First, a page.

Italy offers new procedure to avoid exhaustion of EU steel import quotas

The Italian government is offering a new mechanism to allow for the more efficient use of EU safeguards, potentially avoiding quota exhaustion and allowing importers to avoid having to pay additional duties, Fastmarkets understands.
Under the new procedure, importers of steel will be able to partially clear cargoes or withdraw from the customs clearance completely if they are likely to exceed the current EU quota.

The EU safeguard measures offer country-specific and global quotas for certain steel products and were first introduced in 2018. Quota allowances are given for each quarter, with any material imported in addition to the quota allowance subject to a 25% import duty.

But on March 28, Italy’s customs agency Agenzia delle dogane e dei Monopoli (ADM) published a notice, suggesting that steel buyers can pull back from import operations to avoid exceeding the safeguard quota.

The move follows “numerous requests” of trade associations, Fastmarkets understands.

“Custom clearing steel at the end of the quarter, when quotas for some products and origins gradually get filled, has always been a bit like gambling – with a risk of having to pay the 25% duty,” a trader source in Italy told Fastmarkets.

“The new procedure can help us to use quotas more efficiently,” the source added.

Buyers will now have more flexibility and will be offered several options for clearing imported steel cargoes through customs.

Buyers of imported steel will now be able to withdraw from clearing purchased goods through customs when the quotas are close to exhaustion, according to the ADM document.

Or they might only clear part of a cargo with customs and transfer any excess volumes to the next quarter by keeping the goods in the port.

If material is subsequently required urgently, buyers will be able to proceed with customs clearance and the possibility of facing import duties.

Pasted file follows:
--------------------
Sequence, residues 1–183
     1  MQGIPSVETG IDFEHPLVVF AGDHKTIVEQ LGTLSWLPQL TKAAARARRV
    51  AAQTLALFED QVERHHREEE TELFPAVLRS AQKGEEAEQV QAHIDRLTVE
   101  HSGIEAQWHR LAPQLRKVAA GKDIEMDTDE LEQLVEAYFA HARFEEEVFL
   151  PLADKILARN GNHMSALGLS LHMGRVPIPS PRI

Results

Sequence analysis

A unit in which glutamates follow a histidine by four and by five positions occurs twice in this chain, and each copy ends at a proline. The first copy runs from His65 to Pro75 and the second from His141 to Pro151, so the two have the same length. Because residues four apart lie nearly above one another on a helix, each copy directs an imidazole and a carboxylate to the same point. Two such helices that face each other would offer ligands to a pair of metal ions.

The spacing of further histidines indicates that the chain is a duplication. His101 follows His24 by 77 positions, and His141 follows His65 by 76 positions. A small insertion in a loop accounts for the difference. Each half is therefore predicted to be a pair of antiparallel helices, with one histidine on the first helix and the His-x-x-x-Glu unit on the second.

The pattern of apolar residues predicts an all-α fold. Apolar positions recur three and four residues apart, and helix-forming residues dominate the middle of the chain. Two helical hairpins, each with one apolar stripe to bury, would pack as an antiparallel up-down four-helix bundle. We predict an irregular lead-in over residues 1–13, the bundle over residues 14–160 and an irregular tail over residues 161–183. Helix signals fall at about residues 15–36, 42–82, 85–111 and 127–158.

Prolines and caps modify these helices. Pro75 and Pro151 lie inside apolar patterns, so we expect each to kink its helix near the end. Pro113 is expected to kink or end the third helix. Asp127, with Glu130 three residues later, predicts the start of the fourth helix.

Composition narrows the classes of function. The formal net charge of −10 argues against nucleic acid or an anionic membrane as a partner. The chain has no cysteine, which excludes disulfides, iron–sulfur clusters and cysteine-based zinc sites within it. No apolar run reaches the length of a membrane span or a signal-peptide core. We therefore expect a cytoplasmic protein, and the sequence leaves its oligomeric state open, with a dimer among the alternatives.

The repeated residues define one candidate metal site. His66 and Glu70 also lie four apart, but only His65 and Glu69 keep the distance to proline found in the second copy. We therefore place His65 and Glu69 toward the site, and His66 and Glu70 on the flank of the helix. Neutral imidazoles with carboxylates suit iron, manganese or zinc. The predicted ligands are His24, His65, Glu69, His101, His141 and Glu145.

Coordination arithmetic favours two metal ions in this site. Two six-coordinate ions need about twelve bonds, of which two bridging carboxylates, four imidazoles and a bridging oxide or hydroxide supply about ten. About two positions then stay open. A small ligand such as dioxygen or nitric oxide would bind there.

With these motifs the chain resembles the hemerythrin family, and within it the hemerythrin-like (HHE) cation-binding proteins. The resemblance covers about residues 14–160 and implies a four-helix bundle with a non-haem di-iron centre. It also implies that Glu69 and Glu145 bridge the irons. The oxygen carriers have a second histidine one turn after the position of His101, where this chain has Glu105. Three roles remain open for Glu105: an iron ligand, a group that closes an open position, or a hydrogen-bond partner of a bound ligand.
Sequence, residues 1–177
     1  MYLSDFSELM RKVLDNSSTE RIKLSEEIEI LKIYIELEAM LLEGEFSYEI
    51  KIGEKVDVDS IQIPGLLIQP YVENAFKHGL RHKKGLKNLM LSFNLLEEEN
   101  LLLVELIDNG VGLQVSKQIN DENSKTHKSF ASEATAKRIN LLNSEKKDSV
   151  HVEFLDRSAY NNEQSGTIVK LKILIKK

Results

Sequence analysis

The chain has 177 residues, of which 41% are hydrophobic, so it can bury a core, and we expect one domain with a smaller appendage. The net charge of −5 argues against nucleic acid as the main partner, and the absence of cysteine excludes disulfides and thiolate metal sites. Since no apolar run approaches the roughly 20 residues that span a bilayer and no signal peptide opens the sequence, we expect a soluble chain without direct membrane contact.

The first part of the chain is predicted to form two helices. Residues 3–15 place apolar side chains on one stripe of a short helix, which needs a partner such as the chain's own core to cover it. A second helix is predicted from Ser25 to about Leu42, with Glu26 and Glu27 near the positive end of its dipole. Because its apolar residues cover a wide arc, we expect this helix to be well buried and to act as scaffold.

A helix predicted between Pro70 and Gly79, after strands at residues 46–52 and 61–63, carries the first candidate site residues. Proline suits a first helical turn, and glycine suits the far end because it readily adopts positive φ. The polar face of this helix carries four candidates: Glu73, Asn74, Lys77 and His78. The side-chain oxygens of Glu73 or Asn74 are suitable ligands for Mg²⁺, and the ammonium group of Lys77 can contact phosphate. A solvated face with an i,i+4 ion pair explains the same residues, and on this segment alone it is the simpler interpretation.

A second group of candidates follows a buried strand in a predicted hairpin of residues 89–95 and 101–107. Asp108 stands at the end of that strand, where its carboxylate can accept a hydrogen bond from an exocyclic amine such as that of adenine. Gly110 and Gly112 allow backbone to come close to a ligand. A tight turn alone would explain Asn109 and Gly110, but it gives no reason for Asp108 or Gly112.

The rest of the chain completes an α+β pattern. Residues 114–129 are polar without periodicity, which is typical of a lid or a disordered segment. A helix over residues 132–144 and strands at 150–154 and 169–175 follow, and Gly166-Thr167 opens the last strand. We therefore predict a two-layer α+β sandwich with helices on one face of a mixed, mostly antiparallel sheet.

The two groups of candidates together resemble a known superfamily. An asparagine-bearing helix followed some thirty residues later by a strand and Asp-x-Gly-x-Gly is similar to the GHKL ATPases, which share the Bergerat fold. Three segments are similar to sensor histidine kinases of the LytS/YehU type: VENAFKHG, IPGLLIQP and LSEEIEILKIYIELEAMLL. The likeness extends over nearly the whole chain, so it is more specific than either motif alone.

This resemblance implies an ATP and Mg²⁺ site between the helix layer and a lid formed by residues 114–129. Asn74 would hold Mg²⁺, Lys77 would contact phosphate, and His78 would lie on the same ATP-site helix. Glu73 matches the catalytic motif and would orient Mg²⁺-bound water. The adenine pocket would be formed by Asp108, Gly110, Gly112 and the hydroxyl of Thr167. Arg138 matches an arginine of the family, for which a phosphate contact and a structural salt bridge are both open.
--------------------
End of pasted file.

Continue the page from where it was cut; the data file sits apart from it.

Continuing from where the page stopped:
“This [new procedure] is not a new regulation, it is, rather, an interpretation of safeguards use and just [provides another] an option for the buyers,” a second trader in Italy said.

Market participants told Fastmarkets the new mechanism will be particularly useful toward the end of any quota period, when allowances are close to being filled and when clearing import bookings gets increasingly risky – in terms of having to then pay the 25% import duty if the quota is exceeded.

“The new procedure is not very useful at the beginning of the reporting period, but at the end [of the quarter], when few volumes are left, it will help buyers to clear steel imports risk-free,” a buyer in Italy said.

“So, when the quota becomes critical – ie, more than 80-90% used – instead of waiting for the new period, buyers can partially customs clear their cargoes and use quotas more efficiently,” he added.

Another buyer told Fastmarkets: “Buyers can hold goods at ports without customs clearance and no one will know how much goods are sitting at customs.”

The new procedure came into effect on April 1.

So far, the new procedure only applies in Italy, but some market participants said the mechanism could eventually be extended across the EU.

Italy is one of the largest steel importers in the world. In 2023, it imported around 6.5 million tonnes of steel from outside EU, according to European steel association Eurofer.

Vlada Novokreshchenova in Dnipro has contributed to this report

Published by: Julia Bolotova